On 5 December 2018, I had the privilege of participating in a seminar at Sophia University alongside Prof. Kweku Ampiah, Prof. Oussouby Sacko and Dr. Kinyua Kithinji on the topic “Towards TICAD 7: Consolidating the African Voices.”
My presentation focussed on whether the ABE Initiative scholarship and internship programme, which is a direct product of the Tokyo International Conference of Africa’s Development (TICAD), contributes to the human resource development or brain-drain of Africa. Really enjoyed doing research on this topic!
My preliminary conclusion is that there is seemingly not a substantive risk that it could contribute to the brain-drain of Africa. However, from an economic point of view, it could cause a “brain-freeze” if it disrupts the careers of those who left their employment in Africa to join the programme without adding value to their future prospects upon the completion of it.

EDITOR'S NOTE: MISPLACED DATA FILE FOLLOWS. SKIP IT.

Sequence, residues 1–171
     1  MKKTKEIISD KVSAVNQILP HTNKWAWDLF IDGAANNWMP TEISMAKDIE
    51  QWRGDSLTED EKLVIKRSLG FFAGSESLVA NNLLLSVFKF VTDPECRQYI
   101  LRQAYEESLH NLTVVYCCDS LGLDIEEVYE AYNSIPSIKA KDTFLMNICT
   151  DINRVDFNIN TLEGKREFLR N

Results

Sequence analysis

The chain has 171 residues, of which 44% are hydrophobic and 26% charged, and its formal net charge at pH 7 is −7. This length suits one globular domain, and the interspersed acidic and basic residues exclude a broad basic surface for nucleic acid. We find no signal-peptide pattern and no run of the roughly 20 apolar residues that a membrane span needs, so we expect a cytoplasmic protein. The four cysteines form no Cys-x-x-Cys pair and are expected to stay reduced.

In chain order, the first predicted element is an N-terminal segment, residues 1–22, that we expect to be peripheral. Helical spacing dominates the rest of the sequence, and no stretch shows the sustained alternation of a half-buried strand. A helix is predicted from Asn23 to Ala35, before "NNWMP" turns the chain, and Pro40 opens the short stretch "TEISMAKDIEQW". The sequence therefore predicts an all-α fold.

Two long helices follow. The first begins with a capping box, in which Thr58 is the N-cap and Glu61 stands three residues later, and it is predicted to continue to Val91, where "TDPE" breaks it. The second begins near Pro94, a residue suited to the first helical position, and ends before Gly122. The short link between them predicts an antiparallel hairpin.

In fact, it needs to add value that outweighs the work experience and other assets Africans could have gained if they remained employed.
But, if we are truly serious about taking co-ownership of TICAD and be pro-active participants in the development of our own societies, minimising this risk is perhaps a challenge for us Africans to tackle. Expecting even more resources and effort of the Japanese government could contradict our hopes for turning around the narrative on Africa’s development.